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Meir ’99 departs on mission to International Space Station

Meir to co-pilot her first mission alongside astronauts from Russia, UAE

Minutes before 10 a.m. lectures begin today, astronaut Jessica Meir ’99 will soar through the atmosphere and rocket into space toward the International Space Station.

Her first-ever space flight will depart from Kazakhstan at 9:57 a.m. EST. The flight will take roughly six hours and will launch Meir’s six-month stay on the ISS for the National Aeronautics and Space Administration. Lifting off from launchpad No. 1 at the Baikonur Cosmodrome, the rockets of the spacecraft will ignite from the same location where the first person in space, Russian cosmonaut Yuri Gagarin, originally departed from in 1961.

This is Meir’s first flight since she was selected to be a NASA astronaut in 2013. She will co-pilot the Soyuz ship alongside cosmonaut Oleg Skripochka, who has already traveled to the ISS twice and completed over 300 days in space. Hazzaa Ali Almansoori, representing the United Arab Emirates, rounds out the three-person crew.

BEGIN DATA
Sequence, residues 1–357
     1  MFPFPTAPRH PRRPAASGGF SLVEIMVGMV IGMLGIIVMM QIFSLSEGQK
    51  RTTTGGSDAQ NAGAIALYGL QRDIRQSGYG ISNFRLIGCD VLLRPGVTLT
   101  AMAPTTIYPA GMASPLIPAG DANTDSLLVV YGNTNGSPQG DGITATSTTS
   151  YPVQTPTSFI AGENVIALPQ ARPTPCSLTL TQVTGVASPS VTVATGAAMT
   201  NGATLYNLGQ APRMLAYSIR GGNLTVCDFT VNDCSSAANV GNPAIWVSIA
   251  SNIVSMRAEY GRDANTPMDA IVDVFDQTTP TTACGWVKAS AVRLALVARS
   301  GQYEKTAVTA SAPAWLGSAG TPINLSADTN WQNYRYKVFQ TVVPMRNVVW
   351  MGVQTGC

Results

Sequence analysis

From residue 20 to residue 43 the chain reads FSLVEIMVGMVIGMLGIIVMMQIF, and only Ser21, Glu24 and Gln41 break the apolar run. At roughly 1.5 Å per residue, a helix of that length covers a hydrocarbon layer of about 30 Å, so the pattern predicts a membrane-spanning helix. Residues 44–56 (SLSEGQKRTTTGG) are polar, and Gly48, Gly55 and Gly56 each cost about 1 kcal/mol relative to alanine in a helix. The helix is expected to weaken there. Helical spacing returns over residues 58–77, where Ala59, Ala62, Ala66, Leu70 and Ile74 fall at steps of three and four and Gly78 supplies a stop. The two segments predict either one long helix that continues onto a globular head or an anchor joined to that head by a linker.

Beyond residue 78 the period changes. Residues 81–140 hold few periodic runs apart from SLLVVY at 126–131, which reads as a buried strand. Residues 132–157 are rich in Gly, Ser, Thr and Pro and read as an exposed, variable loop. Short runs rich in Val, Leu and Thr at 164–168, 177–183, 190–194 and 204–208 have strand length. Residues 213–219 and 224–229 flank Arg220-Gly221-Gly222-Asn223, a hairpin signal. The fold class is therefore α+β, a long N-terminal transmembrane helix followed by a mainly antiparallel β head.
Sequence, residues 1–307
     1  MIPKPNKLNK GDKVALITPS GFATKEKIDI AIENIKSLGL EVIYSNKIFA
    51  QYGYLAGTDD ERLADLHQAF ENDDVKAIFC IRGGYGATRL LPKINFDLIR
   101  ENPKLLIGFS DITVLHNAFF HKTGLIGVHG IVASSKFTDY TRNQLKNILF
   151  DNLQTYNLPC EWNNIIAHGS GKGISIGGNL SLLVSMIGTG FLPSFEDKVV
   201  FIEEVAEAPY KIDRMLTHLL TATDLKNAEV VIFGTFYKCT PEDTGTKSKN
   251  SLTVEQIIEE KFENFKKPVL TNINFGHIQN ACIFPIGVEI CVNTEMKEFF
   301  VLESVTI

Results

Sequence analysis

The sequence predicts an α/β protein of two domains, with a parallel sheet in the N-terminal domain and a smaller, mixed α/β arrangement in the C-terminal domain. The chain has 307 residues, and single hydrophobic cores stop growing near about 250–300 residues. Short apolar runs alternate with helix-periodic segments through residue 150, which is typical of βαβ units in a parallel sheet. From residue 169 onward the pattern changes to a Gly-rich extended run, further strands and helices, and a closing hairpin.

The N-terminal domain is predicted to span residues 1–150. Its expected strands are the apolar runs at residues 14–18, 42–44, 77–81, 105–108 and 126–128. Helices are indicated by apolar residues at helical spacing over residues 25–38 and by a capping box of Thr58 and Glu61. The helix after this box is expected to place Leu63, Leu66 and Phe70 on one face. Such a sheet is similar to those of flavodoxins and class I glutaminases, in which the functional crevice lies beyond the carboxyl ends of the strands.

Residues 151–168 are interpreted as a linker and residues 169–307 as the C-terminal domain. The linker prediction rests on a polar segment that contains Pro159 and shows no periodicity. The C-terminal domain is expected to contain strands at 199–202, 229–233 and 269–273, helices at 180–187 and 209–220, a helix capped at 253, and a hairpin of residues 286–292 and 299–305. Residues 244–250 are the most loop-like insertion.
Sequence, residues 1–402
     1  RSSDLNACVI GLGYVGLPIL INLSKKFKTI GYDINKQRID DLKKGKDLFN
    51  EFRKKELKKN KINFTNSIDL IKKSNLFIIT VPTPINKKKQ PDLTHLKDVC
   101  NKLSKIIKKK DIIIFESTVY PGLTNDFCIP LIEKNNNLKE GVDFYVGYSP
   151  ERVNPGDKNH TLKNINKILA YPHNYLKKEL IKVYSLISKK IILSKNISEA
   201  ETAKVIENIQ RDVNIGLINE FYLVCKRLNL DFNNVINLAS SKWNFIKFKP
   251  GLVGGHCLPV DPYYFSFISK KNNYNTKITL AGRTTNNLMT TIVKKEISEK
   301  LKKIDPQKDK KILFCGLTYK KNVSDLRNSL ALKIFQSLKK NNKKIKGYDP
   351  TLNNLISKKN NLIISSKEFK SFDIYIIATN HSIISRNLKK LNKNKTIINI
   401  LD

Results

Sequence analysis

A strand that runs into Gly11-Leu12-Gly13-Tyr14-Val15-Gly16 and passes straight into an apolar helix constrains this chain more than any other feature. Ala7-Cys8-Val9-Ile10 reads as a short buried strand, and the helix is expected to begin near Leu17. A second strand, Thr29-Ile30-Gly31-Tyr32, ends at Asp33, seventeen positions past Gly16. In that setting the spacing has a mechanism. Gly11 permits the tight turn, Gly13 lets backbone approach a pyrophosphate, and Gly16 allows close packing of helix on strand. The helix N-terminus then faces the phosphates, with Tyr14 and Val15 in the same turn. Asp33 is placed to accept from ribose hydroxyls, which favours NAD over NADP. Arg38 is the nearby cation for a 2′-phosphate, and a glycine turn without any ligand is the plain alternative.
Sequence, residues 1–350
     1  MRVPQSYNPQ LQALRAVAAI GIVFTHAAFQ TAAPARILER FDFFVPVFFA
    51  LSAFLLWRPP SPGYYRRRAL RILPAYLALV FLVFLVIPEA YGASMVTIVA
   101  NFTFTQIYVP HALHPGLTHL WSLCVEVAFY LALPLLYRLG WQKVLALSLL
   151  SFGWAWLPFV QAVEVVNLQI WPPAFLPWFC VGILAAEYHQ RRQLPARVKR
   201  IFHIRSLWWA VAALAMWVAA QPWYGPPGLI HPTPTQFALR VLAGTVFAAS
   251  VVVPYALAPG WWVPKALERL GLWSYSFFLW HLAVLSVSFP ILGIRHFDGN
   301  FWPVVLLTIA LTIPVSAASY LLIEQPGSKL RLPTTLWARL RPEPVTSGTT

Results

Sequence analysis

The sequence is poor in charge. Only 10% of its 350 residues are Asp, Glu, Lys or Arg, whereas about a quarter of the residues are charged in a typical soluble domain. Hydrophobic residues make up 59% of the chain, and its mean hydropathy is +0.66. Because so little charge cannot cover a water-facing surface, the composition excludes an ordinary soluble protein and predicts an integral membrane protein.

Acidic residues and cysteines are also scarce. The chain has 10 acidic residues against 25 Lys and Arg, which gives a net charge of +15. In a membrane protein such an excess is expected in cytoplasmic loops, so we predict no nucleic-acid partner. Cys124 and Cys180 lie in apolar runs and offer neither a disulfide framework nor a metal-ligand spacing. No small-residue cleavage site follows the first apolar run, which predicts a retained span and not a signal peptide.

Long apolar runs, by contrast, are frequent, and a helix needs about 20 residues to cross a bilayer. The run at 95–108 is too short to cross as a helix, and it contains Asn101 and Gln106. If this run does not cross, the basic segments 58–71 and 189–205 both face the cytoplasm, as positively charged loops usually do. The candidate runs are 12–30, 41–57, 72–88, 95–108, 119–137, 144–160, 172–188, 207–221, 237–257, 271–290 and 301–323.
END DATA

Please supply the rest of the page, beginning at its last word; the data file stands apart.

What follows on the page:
“The driving force of everything that I’ve done in my life has been exploration,” Meir told The Herald last April, just as she began the last few months of preparation for the space flight. At the University, Meir pursued her passion for the life sciences by concentrating in biology. She also advanced her long-held interest in space as an active member of the flight and space clubs. She credits her time at the University as an influential step in her path to NASA astronaut.

“The whole atmosphere at Brown is interdisciplinary with plenty of exploration. It creates an atmosphere of problem solving. Jessica is a good example of that. She’s a product of that environment,” Professor James Head said in an interview with The Herald in 2013, when Meir was selected for her astronaut class.

Now, Meir will have the chance to explore from above the Earth’s atmosphere, where she will participate in and conduct a myriad of scientific experiments aboard the ISS. She will help conduct about 300 experiments, according to

Meir’s first year roommate Jaclyn Mason ’99 told The Herald in 2013 that “She had a goal, she achieved it and every step she took was directed toward that goal.”

Today, Meir gets to see that goal come to fruition, as she will look down at Earth from her seat in the Soyuz ship.


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